This is not meant as a complete guide to
concrete poetry, but merely a short introduction. This was
originally collected after teaching the subject briefly at the
Arab University of Cairo.
Basically, concrete poetry is poem as picture or solid
construction. Poets of the past have played with the idea of
making poems in the shape of something. A poem about a
butterfly is set out on the page in the shape of a butterfly.
One of the most interesting developments of this type of
writing was the publication during the first world war of a
book of visual poems by Guillaume Apollinaire called Calligrammes.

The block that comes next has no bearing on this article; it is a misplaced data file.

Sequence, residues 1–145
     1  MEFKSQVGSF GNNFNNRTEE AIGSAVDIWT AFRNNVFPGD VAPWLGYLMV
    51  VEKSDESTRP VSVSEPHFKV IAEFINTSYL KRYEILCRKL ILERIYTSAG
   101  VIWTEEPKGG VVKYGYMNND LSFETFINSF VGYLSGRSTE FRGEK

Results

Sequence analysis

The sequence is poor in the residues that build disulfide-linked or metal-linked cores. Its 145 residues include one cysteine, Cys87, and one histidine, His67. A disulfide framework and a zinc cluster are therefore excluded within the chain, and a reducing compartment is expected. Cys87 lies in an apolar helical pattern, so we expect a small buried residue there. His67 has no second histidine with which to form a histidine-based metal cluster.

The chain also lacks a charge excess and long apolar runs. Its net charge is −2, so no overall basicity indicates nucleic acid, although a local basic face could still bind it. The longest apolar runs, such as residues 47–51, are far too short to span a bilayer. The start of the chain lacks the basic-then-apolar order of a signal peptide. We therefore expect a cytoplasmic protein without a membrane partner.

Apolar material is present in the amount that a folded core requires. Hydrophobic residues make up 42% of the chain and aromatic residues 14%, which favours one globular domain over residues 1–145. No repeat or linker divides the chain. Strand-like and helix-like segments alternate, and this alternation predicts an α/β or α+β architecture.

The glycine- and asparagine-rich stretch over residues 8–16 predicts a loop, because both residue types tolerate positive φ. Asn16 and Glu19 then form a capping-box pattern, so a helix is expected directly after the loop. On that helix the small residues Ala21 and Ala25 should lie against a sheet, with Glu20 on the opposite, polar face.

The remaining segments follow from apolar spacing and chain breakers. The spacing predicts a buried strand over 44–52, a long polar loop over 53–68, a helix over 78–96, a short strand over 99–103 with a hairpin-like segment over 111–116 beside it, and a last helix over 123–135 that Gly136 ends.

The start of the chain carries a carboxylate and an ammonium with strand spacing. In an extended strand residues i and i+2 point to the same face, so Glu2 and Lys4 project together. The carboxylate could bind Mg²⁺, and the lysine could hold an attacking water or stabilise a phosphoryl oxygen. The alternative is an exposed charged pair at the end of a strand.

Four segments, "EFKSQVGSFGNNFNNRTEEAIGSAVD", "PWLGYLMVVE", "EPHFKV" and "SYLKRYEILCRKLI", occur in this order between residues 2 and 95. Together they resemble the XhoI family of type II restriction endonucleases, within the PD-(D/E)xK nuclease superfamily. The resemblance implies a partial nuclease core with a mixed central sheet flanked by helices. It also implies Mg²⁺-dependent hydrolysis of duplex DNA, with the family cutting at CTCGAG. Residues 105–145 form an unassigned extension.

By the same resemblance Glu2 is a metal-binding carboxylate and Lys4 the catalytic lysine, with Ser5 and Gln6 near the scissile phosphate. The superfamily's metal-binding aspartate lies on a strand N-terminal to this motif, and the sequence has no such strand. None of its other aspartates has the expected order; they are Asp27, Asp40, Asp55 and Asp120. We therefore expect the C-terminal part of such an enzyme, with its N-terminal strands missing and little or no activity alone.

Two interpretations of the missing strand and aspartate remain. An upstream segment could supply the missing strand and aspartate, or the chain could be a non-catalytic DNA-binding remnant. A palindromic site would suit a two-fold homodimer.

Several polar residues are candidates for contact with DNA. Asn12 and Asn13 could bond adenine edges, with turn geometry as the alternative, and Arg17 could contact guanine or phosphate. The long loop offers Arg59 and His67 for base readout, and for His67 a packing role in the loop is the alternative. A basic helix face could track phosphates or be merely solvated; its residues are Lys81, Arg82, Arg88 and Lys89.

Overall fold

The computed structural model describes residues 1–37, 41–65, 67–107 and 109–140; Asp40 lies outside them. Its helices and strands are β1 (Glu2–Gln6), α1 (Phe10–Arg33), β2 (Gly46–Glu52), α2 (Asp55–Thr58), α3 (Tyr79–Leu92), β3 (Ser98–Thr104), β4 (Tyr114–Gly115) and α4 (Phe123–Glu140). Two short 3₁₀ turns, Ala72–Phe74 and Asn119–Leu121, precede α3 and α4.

Here is one of the poems from that collection:
Perhaps his most famous
poem from Calligrammes
was the poem about rain, which he wrote in the form of rain
falling to the ground:
You will find that I have taken this one stage further and
written a similar work as an animation.
Concrete poetry became all
the rage during the 1960s. One of the more interesting poets
using the style was Ian Hamilton Finlay, who went on to create
his poems as objects which he placed in his garden in
Here is one of my early concrete poems dating from 1971: